Staff Book Reviewer Spencer Dew is the author of the novel Here Is How It Happens (Ampersand Books, 2013), the short story collection Songs of Insurgency (Vagabond Press, 2008), the chapbook Mont-Saint-Michel and Chartres (Another New Calligraphy, 2010), and the critical study Learning for Revolution: The Work of Kathy Acker (San Diego State University Press, 2011). His Web site is spencerdew.com.
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The narrator of “On a Scale of 1-10, How ‘Loving’ Do You Feel?” compares herself, with simultaneous self-deprecation and signifying strut, to Kim K., “backwards-straddle” on Yeezus’s motorcycle, she of the omnivorous presence, plumped up with “soul implants.” “I once met an Australian,” this narrator says, “told him he could have my underwear. / He didn’t want it. I’m better / when I’m mysterious. / I’m better when I’ve had a few / days to forget / how much I want you.” One riddle of the moment is scratched at, there: living under surveillance, smiling by reflex, how do we manage to keep something up our sleeves as we reveal? Credit to Kim K., after all, for cutting a porno spliced right, edited tight, leaving something for the imagination and thus generating a need for re-up. Confessing desire—even that act of “recit[ing] the pleasure sounds”—isn’t the same as getting others to want you back, however. Our narrator fears she may be awash in a “sea of masturbation” but the poem ends in stardust and in blood.
Duplan eschews the Kim K. strip-tease routine—holding back as you bend backwards to show off. Instead, this book is about intimacy, wounded and weaponized. Here hearts are flipped inside out, exposing equal parts longing for affection and longing for revolt. The awkwardness of romance in the late Anthropocene is balanced with the possibility—dare we say the promise? Yes, we can—of riot, that tenuous algebra of precisely how many clinched fists will tip us toward a derailed train. Thus, we have domestic scenes and domestic gurus, in and out of prison, competing with Oprah and the tags of boutique tea bags at offering lifestyle advice. We have the lover illuminated by screensaver in confined space. We have messages missed and messages never sent and messages obsessed over even as phones get dropped in toilets. But we also have a shuck and jive in a world littered with suicides—those who did the deed, past tense, and those still taking their daily dose, on the installment plan. We have a narrator who says, “My life is a ballad, it goes: O / ooooo! I can’t breathe” and while she goes on to specify in what embrace, some broader, more structural holds are brutally implied. “We’re asphyxiating and we don’t even know.”
“When you face the wolf / do not comment on the color of its eyes,” we’re warned, but color matters, all the same. Duplan, creator of the Center for AfroFuturist Studies, has plenty to say about color, ending with that particular shade of “blue / nitrile” used by coroners and forensic investigators in the field, fields perilous for compounded reasons. Above all, there is blackness, “reflected in the careful / accident of a bramble-knot,” a sheen, a weight, an idea, a label stabbed into flesh. One response—that of the rabbit, zig-zagging toward the briar patch—is a sort of shape-shifting, represented here at points by literal use of shapes as stand-ins for characters. By mimicking the use of ciphers in analytic philosophy, Duplan can cushion excruciating scenes, adding an abstraction that, while it doesn’t numb the effect, accounts for a kind of time delay. We see a triangle ask a square “Did I hit an animal back there?” and the square replies, “No, don’t look back.” In another poem, “A toddler on the express / train put a note in my hand, it said / never to turn my back on a man / with a gun.” That combination being as ubiquitous as selfies of Kim K., it’s not easy to figure out how to move around, let alone stay alive. Duplan is not naïve, but she believes in the performance of the impossible; her narrator may never have received a telegram saying “Please. Hold out hope,” but such a message is nonetheless imagined. These poems, likewise, offer messages never previously received, urgent if elliptical texts, warnings and reassurances, confessions and moans, songs of hunger and mourning, of wars petty and vast. “I will die / here on this planet here on this blur, me.” But in the meantime, chaos can be conjured with a plea and a struck pose. The clenched hand may hold a rabbit, or it may hold a gun. There are reasons to be wary around either.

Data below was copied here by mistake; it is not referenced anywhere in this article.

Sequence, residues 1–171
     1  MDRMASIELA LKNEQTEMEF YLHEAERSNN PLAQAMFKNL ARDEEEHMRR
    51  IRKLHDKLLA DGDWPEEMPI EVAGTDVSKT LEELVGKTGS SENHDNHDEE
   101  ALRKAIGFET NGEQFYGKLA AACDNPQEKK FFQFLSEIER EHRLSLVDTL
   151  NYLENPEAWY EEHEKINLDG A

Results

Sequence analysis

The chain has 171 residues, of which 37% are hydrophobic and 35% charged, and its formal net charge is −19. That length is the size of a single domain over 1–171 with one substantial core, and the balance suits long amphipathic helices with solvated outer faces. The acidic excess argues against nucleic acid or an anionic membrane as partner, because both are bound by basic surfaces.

Official Anaïs Duplan Web Site
Official Brooklyn Arts Press Web Site